With much fanfare, Google recently announced plans to bring its sought-after Google Fiber internet service to its Silicon Valley homeland. Over the next three years, officials with the tech giant promised to roll out its ultra-fast, 1-gigabit-per-second bandwidth to consumers in Mountain View, Palo Alto and several other South Bay cities.
The promise has been hailed by many observers as a much-needed shake-up for the local telecommunications market. But to hear the story from other areas already equipped with Google Fiber, the new service might not be the overnight sensation its fans anticipate.
Take the example of Kansas City, the original pilot location for Google Fiber's launch. Back in 2012, the Midwest city seemed the envy of the nation for being picked to debut the premier internet service. And in some ways, it was a perfect testing ground: the local broadband internet market was controlled largely by Time Warner Cable, which had a reputation for lousy customer service and sneaky fees (just check its Yelp page).
But after almost five years of Google Fiber expanding its availability, Kansas City's internet market is still dominated by Time Warner, according to sources. This is despite a Google Fiber bargain deal: six years of 5-megabit-per-second internet for households willing to pay a one-time $300 fee. But today only a "few small pockets" of well-heeled Kansas City neighborhoods have heavily embraced Google Fiber, said Tom Esselman, CEO of Connecting for Good, a Kansas City-based nonprofit focusing on expanding internet access to disenfranchised residents.
"The whole idea behind of Google Fiber of 'build it and they will come,' -- that's been blown up in the last five years," he said. "It was plainly evident that just because they were Google Fiber and had a lot of hoopla, they were not effectively getting people signing up for their service."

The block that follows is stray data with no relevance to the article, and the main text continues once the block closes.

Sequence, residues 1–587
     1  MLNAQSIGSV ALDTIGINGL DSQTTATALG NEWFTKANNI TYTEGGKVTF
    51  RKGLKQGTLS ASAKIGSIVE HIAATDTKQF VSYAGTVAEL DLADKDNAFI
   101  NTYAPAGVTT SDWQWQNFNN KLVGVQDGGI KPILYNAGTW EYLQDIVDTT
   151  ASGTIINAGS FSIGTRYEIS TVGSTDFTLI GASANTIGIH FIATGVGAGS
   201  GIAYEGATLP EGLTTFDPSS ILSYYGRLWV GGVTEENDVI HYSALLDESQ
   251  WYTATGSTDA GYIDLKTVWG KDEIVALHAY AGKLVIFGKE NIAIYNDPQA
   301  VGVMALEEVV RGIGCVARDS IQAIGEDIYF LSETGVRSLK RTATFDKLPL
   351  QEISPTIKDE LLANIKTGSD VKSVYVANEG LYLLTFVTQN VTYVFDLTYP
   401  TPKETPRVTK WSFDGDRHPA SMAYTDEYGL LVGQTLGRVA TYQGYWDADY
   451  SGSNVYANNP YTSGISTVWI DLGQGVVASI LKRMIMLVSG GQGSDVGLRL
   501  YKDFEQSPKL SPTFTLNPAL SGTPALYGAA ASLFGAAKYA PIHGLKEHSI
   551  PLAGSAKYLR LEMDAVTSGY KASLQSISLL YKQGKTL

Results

Google Fiber officials declined to respond to questions about its Kansas City pilot program for this story.
Esselman describes himself as a big fan of Google Fiber's speedy service, pointing out he loves its ability to, for example, have multiple video chats running seamlessly on his desktop. In the long run, he believes Google Fiber will gradually chip away at the market hold of the established telecommunications players.
But Google had to learn some big lessons first, he said. The company originally came into Kansas City with a "one-size-fits-all" pricing plan that didn't win many lower-income customers. In a write-up on Google Fiber service in Kansas City, the magazine Fast Company describe it as being like a "$4 ice-cream sandwich" -- "A welcome treat for people with disposable income, but still out of reach for others."
Google recently began offering a wider variety of service plans. Rather than focusing solely on offering the fastest service, Google Fiber officials in recent months have focused on computer-literacy programs for impoverished communities rather than focusing on early-adopter customers, Esselman said.
"Honestly, I think in the last six months the landscape for Google Fiber here has changed more than in the last five years," he said.
Silicon Valley and the South Bay makes up a vastly different consumer market for Google Fiber, with a strong tech-savvy population thirsty for ultra-fast bandwidth. Esselman says it was surely a strategic move to test out Google Fiber in a relatively isolated market like Kansas City before rolling out the service to the metropolitan coastal cities.
It's already abundantly clear that some residents can hardly wait for the service. In recent Mountain View meetings, seniors from local mobile-home parks have urged the city officials to advocate on their behalf to encourage Google Fiber to be brought to their neighborhoods. In some cases, neighbors have even proffered convenient times when the Google Fiber team could lay lines, such as when other utilities would be digging up trenches.
When it was announced in May that the service would be coming to Mountain View, Google Fiber officials said the service would be installed throughout the city over the course of three years. The company provided a citywide map showing the various network hubs and service lines they were planning throughout Mountain View.
Some neighborhoods were conspicuously absent from the map, but Google Fiber officials say that doesn't mean those neighborhoods will be excluded. Some areas will require negotiating access agreements for installation since they are privately owned, said Google spokeswoman Kelly Mason.
"We can't say whether a particular complex will or will not be served," Mason said via email. "Today, there are major apartment buildings, complexes, gated communities, mobile home parks, etc. that aren't on the (initial design) map. That doesn't mean we're not planning to serve these areas."